To amass a body of knowledge for managing emergency situations in pharmacies, we surveyed the occurrence and nature of medical problems in Hungarian pharmacies. The occurrence of real or suspected emergencies in pharmacies was markedly different and varied from 1–52 per year, with five cases per year on average. The most frequent problems were bleeding (69%) and dizziness (55%), but other more serious problems (allergic reaction (32%), collapse (23%), and chest pain (25%)) also occurred. Sometimes more than one symptom was reported by a patient. People appear to consider pharmacies to be an appropriate site for receiving first aid for minor ailments, including common medical problems (e.g., fever (12%)). Unfortunately, the range of interventions was very limited because of local legal regulations and the lack of appropriate guidelines for emergencies in pharmacies. The most frequent interventions were wound treatment, control of bleeding (78%), alleviation of anxiety (68%), and providing patients with a glass of water (55%). Very often, more than one intervention was reported for the same case. Whereas 76.3% of pharmacists provided interventions only for adults, 21% of pharmacists provided interventions for all types of patients (adults, co-workers in pharmacies, and children). Pharmacists appeared to be reluctant to treat children, owing to the special issues related to pediatrics. This poor range of intervention should encourage responsible officials to develop guidelines for pharmacists to ensure pharmacists’ familiarity with the appropriate interventions in emergency situations. Such knowledge could also provide a good basis for preparing pharmacists to perform vaccinations in the future. The pharmacists had a positive attitude toward providing first aid, and 88% of respondents requested more postgraduate education on medical first aid issues. Full article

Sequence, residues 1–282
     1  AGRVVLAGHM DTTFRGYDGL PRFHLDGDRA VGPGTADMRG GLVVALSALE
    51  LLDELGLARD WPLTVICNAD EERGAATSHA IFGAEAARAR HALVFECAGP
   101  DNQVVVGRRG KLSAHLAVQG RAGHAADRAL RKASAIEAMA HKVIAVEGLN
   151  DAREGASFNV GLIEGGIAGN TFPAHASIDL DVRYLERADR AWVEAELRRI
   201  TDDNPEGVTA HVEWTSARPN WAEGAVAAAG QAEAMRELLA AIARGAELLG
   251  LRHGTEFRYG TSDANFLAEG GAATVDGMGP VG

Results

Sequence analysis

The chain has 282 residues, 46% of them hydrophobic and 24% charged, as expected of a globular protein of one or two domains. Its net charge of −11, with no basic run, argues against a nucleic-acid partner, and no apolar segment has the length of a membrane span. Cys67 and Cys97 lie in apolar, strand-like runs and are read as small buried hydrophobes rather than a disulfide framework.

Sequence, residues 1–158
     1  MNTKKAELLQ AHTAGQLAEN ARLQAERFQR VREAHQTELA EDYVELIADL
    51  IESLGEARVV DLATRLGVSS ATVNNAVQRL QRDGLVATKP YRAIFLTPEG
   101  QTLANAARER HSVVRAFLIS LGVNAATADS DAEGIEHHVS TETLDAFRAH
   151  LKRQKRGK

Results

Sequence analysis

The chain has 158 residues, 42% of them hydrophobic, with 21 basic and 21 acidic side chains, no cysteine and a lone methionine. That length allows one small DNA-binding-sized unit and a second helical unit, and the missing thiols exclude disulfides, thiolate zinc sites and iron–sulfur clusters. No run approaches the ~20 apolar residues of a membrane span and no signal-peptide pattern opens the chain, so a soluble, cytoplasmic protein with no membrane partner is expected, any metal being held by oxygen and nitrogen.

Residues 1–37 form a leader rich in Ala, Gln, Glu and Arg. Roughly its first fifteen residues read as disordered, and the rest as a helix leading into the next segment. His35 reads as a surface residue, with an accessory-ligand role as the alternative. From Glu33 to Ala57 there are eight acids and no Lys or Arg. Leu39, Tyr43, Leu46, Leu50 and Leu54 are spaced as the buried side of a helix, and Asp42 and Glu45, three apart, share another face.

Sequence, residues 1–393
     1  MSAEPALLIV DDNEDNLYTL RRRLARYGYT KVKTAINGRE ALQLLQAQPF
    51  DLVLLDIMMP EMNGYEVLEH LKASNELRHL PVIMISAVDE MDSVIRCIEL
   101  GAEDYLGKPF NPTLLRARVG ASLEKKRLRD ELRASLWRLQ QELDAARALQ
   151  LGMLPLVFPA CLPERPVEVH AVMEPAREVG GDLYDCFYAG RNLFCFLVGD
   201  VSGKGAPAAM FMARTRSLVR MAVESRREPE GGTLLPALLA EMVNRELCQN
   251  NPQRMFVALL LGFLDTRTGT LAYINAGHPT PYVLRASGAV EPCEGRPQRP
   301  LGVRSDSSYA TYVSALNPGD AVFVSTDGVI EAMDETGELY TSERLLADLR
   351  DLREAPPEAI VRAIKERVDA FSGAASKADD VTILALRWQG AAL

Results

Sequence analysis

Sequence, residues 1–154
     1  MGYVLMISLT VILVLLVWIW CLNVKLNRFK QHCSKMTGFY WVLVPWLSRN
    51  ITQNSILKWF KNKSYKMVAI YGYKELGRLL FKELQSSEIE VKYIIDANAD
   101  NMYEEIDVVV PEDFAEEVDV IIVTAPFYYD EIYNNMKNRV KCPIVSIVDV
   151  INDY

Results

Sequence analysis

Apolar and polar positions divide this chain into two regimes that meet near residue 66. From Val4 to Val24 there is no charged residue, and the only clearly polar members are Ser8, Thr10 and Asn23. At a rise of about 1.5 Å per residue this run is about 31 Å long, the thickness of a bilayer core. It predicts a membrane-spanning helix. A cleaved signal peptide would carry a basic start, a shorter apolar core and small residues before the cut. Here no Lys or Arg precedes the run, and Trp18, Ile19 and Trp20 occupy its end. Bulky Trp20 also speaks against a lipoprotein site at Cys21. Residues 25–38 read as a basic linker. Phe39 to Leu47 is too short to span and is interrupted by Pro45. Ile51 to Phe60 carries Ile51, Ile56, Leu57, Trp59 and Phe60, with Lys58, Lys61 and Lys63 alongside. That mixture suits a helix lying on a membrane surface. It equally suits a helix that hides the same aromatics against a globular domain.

(This article belongs to the Special Issue Travel Medicine - Series Ⅱ)
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Review

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Open AccessReview
A Review of Guidelines/Guidance from Various Countries Around the World for the Prevention and Management of Travellers’ Diarrhoea: A Pharmacist’s Perspective
Pharmacy 2019, 7(3), 107; https://doi.org/10.3390/pharmacy7030107 - 04 Aug 2019
Abstract
International travel is growing and pharmacists are well placed to provide travel health services for the prevention and management of travellers’ diarrhoea (TD). Legislation changes in many countries has enabled pharmacists to access prescription only medicines and vaccinations to provide advice and over [...] Read more.